It still seems so ironic that the steel we are talking about comes firstly from baron land in outback Australia. We in this sunburnt land, simply don’t have the infrastructure to turn what is mined into steel. If we did, the steel market would be greener, because Ore and Coal would not have to be moved by ship to be transformed into steel, and we in Australia would have a near monopoly on the market at both ends. We pretty much do on Iron Ore, so we could sell a quarter of the Ore we mine to Turkey and China to produce steel, while having close to the world’s supply of steel here to sell. This would double our GDP, after building the mills and other infrastructure, make for a greener industry, because as it stands, the Ore gets mined, then shipped, turned into steel, then shipped again. If we had the organisational structure in place, we would transport the Ore by solar powered train to our mills and smelters, keep the little bit we need for our own infrastructure then sell and ship the rest, thus shipping it once instead of twice.

Despite the above optimism, in early 2021, steel buying nations, especially those in Europe were forced to look for alternatives. Unfortunately, the alternatives just led to more problems. They encountered high steel prices, significant transportation costs, port congestion and protectionist trade policies. These aspects were important obstacles for the acquisition of steel from other countries not less Australia.

Today there is still a lack of supply in Australia, with high prices and long delivery times the standard barriers to development. The current situation allows steel producing nations to regularly raise their selling prices, which translates into little room for negotiation in the acquisition of this material. Hence why, we need a government that doesn’t pander to the USA nor China and uses some of the mammoth profits from selling our raw materials to develop the industry needed to turn the Ore to steel right here. How do we get free of a lack of reliable supply and get back to buying steel at a reasonable price? For mine there are three main motives that is keeping the price of steel high.

  1. Increase in raw material prices

The increase in the price of steel is obviously linked to that of the raw materials it is made up of. Raw materials such as Iron Ore and Coal among others – can you start to see how we as Australians aren’t innocent in all this!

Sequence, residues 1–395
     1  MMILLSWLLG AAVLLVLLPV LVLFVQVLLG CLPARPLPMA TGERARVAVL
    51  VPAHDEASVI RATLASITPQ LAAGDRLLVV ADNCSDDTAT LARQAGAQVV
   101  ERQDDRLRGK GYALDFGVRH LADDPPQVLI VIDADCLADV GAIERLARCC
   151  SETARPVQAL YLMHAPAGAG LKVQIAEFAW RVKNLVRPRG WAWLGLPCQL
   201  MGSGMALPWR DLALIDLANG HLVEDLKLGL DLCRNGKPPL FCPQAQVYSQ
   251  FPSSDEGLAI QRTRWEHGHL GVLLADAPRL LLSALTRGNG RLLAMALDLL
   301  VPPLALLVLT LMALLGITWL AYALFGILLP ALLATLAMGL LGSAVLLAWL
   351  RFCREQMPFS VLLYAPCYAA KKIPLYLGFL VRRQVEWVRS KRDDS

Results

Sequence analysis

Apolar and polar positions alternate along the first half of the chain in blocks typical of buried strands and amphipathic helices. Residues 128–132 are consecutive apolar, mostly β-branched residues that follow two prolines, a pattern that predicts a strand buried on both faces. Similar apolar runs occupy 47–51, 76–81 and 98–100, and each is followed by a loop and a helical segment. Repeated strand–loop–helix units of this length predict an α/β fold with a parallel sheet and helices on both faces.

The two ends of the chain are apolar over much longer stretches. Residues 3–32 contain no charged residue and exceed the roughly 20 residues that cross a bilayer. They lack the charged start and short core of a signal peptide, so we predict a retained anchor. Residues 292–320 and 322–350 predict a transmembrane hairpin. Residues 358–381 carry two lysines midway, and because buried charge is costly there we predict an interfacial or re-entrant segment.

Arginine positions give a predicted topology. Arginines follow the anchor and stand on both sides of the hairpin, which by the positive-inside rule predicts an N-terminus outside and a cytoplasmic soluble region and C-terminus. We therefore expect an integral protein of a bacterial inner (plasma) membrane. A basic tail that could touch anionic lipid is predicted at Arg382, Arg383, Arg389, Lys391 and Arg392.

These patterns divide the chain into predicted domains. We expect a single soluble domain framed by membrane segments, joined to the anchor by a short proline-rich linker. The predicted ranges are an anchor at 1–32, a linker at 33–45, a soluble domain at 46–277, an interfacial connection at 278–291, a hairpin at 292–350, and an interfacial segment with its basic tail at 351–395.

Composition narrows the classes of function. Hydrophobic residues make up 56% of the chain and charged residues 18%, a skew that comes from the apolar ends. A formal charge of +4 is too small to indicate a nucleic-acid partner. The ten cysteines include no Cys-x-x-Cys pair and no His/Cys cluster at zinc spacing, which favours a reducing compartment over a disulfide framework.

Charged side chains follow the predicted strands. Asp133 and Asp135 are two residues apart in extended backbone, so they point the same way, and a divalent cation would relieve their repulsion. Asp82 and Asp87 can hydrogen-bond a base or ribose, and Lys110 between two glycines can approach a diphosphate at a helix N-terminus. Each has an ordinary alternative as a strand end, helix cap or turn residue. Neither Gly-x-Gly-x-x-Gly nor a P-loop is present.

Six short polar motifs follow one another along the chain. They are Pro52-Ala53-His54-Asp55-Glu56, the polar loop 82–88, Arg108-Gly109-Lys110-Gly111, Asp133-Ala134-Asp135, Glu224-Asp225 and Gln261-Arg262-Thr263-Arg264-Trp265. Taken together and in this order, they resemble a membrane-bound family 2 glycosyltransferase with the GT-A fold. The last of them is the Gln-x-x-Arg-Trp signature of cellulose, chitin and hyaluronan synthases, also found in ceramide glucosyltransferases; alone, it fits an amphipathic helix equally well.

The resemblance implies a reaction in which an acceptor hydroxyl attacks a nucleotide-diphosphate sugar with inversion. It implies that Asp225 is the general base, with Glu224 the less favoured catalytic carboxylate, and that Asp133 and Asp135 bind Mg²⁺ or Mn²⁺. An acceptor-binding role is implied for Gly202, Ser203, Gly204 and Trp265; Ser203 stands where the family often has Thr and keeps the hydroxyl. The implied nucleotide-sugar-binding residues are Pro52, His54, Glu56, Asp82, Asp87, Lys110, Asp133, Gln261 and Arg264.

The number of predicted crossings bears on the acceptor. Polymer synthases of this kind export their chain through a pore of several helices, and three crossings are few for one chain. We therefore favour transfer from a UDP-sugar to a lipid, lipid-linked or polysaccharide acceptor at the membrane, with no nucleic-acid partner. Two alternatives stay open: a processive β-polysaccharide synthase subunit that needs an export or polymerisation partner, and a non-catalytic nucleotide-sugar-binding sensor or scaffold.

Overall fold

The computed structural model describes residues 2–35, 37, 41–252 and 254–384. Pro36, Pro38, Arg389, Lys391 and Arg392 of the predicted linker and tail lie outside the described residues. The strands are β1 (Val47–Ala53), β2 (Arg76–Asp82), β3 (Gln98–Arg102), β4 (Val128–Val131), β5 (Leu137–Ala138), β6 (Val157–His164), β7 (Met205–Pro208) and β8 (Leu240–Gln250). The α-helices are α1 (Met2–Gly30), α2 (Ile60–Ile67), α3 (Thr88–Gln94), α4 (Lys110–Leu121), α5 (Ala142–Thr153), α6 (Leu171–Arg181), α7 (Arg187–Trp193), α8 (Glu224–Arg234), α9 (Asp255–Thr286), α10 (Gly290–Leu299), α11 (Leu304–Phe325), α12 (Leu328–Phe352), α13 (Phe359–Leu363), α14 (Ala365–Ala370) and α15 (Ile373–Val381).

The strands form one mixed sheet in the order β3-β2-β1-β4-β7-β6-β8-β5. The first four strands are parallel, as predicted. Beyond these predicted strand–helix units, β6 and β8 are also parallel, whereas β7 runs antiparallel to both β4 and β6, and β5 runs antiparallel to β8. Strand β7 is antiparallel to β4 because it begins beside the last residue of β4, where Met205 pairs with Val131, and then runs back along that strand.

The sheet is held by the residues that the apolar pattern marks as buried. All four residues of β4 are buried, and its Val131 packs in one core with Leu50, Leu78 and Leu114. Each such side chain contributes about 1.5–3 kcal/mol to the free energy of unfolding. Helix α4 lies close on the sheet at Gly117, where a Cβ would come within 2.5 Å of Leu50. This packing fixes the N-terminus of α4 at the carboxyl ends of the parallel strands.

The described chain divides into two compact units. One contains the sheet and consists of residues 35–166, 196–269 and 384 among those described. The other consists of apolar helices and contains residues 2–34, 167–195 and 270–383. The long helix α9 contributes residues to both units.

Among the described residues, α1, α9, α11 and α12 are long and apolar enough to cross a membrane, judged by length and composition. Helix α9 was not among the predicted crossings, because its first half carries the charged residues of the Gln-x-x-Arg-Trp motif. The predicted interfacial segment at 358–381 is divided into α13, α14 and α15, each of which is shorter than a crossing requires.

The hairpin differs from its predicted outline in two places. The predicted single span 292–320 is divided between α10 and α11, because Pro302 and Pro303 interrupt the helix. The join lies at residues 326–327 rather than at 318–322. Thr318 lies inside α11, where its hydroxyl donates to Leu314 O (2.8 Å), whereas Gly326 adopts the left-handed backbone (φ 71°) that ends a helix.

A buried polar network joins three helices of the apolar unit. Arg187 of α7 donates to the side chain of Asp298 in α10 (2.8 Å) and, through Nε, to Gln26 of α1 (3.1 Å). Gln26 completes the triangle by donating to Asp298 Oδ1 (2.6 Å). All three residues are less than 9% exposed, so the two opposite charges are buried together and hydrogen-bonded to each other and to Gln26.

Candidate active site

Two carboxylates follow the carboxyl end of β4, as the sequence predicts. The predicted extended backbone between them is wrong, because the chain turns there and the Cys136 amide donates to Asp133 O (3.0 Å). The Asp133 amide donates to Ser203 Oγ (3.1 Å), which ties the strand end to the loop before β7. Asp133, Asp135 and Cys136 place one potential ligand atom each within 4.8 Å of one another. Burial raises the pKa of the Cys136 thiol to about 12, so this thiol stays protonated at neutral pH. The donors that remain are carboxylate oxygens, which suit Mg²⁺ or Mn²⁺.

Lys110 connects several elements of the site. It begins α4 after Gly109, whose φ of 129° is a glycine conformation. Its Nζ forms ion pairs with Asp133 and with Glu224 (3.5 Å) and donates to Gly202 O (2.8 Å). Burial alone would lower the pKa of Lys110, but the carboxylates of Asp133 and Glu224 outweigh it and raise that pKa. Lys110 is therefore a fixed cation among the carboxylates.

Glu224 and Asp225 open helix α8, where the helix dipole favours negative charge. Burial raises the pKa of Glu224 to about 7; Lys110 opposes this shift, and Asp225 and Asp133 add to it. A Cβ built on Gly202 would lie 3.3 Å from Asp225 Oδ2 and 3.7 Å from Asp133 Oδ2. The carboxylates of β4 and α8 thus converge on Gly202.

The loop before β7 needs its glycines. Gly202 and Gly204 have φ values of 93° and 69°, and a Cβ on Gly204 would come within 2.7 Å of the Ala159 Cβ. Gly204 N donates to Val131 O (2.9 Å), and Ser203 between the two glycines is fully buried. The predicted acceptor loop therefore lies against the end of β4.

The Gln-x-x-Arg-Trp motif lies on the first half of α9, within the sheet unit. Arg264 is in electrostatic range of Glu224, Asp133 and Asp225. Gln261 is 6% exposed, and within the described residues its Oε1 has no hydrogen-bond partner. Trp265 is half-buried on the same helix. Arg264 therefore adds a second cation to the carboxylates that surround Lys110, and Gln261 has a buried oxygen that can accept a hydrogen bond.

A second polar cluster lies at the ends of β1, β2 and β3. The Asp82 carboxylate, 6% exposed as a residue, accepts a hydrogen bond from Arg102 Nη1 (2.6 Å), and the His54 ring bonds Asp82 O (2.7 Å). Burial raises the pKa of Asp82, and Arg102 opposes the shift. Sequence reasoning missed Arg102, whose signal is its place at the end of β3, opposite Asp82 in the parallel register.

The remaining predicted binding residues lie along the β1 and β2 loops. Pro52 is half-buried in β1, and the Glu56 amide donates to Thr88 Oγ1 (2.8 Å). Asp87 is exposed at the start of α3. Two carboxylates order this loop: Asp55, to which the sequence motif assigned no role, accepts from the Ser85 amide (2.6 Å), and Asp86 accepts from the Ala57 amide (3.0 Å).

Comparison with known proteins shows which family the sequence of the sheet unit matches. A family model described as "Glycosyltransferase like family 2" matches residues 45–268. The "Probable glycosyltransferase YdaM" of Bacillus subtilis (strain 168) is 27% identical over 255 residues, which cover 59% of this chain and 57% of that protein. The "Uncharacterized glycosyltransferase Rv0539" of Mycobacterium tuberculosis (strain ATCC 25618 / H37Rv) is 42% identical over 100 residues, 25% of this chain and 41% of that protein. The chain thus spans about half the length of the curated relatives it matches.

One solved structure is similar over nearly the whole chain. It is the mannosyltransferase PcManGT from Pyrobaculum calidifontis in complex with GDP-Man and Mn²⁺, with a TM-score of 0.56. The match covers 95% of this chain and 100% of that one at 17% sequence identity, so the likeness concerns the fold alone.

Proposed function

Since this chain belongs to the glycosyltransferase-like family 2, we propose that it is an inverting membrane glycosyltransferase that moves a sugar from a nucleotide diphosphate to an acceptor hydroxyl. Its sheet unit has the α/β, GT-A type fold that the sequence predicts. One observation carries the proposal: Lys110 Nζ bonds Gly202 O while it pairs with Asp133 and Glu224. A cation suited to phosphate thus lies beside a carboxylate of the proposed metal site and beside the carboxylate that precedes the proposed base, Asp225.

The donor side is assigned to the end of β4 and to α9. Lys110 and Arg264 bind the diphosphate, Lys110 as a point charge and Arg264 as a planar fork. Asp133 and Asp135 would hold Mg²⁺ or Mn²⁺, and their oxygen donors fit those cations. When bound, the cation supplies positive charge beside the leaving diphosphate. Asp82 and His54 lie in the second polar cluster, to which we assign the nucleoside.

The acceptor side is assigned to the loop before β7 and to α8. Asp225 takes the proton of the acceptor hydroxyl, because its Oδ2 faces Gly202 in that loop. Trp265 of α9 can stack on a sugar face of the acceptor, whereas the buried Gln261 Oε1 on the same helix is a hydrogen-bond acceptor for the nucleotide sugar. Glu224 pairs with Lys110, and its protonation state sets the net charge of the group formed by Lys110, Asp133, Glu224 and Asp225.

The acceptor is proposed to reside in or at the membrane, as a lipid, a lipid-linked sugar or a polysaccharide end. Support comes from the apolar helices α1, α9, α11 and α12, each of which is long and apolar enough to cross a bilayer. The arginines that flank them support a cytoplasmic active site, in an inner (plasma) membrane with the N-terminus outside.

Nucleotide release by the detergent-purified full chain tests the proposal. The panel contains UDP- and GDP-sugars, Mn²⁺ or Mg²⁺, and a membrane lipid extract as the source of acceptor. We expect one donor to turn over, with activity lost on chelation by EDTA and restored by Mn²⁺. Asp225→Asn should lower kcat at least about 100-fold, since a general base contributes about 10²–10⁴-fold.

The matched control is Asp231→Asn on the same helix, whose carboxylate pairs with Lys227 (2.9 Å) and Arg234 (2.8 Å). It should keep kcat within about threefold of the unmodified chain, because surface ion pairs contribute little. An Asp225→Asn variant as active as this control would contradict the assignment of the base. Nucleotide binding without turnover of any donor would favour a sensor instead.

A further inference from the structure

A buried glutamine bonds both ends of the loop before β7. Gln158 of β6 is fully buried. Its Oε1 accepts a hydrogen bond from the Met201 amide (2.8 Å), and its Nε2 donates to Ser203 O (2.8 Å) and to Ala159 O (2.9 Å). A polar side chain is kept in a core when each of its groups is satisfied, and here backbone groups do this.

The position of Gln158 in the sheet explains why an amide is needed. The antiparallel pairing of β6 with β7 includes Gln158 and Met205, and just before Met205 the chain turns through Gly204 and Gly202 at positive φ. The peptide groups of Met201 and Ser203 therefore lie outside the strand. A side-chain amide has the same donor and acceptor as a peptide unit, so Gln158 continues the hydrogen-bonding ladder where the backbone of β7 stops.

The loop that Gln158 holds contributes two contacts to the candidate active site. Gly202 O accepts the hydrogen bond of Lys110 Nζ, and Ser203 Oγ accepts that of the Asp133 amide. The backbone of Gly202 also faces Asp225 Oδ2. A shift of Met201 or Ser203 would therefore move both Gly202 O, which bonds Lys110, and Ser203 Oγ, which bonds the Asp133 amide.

Here are the price fluctuations for two of the main ingredients in steel in the time of Covid-19.

Australian Iron Ore

  • Low, May 2020 – $115AUD / metric tonne
  • High, May 2021 – $299AUD / metric tonne

Australian Coal

  • Low, July 2020 – $71AUD / metric tonne
  • High, July 2021 – $256AUD / metric tonne

See how the pattern matches to the above discussed figures?

Australian Iron Ore today 23 November 2021 – $126 / metric tonne

Australian Coal today 23 November 2021 – $326 / metric tonne

Now before all you smarty pants’ out there rush off to sell your Rio Tinto and Glencore shares to buy Bitcoin; consider the following…

Policies to favour domestic supply and export restrictions in some countries have led to and will continue to lead to a decreased flow of steel to Australia. The tendency among some countries with the industrial capacity to over stock to avoid running out and be able to properly serve their own domestic customers has contributed to the shortage of steel and is why Coal and Ore shares will continue to go up in Australia.

       2. Protectionist measures


The updated policy of the Chinese government is to eliminate the VAT refund of 13% for steel exports. Without being an economist, this means that Chinese iron and steel producing companies will be treated as domestic sellers by not receiving the traditional 13% VAT rate, which acts as a tax break. Now if your humble author remembers their commerce classes from the ‘1990s, this will result in a higher cost for the exporters unless they can dump the 13% cost increase on the foreign buyers, like us in the Land Down Under, which produces an end result of Australian steel importers having NO CHOICE WHATSOEVER but to increase the price of steel. In addition, China is absorbing much of its own production, and that of as many other countries it can get its hands on, to supply its domestic market. A very significant piece of data is that steel exports from China in 2020 fell by 72% while its imports grew by 150%. In other words, China is hording the stock, as its internal demand has exceeded its production. That’s one way to look at it; China is trying to get most of the world’s steel to satisfy its huge infrastructure sector. Or much like the oil crisis of the early ‘1970s, China may well be holding the world to ransom regarding the exportation and the price of steel. If they have got it all, then without steel, the world will struggle to expand and build for the busting populations most major cities are enduring.